Redistribution Through Education and Other Transfer Mechanisms

41 Pages Posted: 10 Nov 2001

See all articles by Eric A. Hanushek

Eric A. Hanushek

Stanford University - Hoover Institution on War, Revolution and Peace; National Bureau of Economic Research (NBER); CESifo (Center for Economic Studies and Ifo Institute)

Charles Ka Yui Leung

The Chinese University of Hong Kong (CUHK) - Department of Economics

Kuzey Yilmaz

Koc University - Department of Economics

Date Written: November 2001

Abstract

Educational subsidies are frequently justified as a method of altering the income distribution. It is thus natural to compare education to other tax-transfer schemes designed to achieve distributional objectives. While equity-efficiency trade-offs are frequently discussed, they are rarely explicitly treated. This paper creates a general equilibrium model of school attendance, labor supply, wage determination, and aggregate production, which is used to compare alternative redistribution devices in terms of both deadweight loss and distributional outcomes. A wage subidy generally dominates tuition subsidies in ex ante (or 'opportunity') calculations, but this reverses in ex post (or 'realized') calculations. Both are generally superior to a negative income tax. With externalities in production, however, there is an unambiguous role for governmental subsidy of education, because it both raises GDP and creates a more equal income distribution.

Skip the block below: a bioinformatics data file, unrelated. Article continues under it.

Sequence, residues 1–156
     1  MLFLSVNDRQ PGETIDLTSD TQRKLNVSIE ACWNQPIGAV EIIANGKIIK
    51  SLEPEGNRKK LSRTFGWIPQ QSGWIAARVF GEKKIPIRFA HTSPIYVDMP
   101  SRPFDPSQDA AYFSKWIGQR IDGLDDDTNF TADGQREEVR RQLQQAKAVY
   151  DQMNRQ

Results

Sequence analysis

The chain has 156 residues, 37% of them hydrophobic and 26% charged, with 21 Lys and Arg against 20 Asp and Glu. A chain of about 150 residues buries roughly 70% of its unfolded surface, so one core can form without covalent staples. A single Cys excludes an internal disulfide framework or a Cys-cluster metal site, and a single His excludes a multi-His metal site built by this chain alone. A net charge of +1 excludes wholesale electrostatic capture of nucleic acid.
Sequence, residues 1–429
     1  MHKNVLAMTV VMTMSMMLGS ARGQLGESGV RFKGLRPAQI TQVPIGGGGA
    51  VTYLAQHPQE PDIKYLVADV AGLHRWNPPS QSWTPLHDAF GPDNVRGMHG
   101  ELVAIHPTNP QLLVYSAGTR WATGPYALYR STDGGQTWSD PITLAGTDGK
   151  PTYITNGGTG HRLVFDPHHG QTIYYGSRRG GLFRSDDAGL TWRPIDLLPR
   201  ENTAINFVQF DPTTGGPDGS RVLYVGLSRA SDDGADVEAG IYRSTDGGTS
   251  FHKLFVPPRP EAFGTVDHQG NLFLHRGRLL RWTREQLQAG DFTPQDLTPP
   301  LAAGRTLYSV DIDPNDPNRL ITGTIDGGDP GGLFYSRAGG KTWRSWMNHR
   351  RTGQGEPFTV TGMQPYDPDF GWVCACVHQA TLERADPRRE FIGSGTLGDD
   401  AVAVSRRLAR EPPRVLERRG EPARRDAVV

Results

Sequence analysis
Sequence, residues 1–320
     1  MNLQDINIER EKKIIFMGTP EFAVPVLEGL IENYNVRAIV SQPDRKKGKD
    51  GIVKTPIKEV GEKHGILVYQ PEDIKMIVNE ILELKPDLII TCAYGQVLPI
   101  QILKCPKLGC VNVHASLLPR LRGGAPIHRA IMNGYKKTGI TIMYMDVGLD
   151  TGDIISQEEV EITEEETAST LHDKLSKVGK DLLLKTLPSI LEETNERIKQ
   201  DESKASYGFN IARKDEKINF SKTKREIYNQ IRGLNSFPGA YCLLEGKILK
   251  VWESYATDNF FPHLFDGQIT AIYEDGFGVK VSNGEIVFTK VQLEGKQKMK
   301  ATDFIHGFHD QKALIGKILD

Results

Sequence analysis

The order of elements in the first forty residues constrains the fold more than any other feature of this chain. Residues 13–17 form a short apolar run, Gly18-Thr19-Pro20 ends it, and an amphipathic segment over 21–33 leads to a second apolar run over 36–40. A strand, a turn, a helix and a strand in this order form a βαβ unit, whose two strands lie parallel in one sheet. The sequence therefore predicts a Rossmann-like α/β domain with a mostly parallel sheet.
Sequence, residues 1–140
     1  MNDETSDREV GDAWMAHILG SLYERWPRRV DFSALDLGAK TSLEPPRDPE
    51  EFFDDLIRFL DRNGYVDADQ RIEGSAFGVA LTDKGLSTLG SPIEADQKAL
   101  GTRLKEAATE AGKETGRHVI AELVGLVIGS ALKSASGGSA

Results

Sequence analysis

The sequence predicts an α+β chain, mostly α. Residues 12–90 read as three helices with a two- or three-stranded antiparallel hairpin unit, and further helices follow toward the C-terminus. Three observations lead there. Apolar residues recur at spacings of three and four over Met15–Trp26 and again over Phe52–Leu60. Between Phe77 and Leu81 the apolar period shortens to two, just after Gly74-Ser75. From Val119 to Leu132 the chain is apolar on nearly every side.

Suggested Citation

Hanushek, Eric A. and Leung, Ka Yui Charles and Yilmaz, Kuzey, Redistribution Through Education and Other Transfer Mechanisms (November 2001). NBER Working Paper No. w8588. Available at SSRN: https://ssrn.com/abstract=290390

Eric A. Hanushek (Contact Author)

Stanford University - Hoover Institution on War, Revolution and Peace ( email )

Stanford, CA 94305-6010
United States
650-736-0942 (Phone)
650-723-1687 (Fax)

National Bureau of Economic Research (NBER)

1050 Massachusetts Avenue
Cambridge, MA 02138
United States

CESifo (Center for Economic Studies and Ifo Institute)

Poschinger Str. 5
Munich, DE-81679
Germany

Ka Yui Charles Leung

The Chinese University of Hong Kong (CUHK) - Department of Economics ( email )

Shatin, N.T.
Hong Kong
+852-2609-7158 (Phone)
+852-2603-5805 (Fax)

HOME PAGE: http://www.cuhk.edu.hk/eco/staff/kyleung

Kuzey Yilmaz

Koc University - Department of Economics ( email )

Rumeli Feneri Yolu
Sariyer 80910, Istanbul
Turkey

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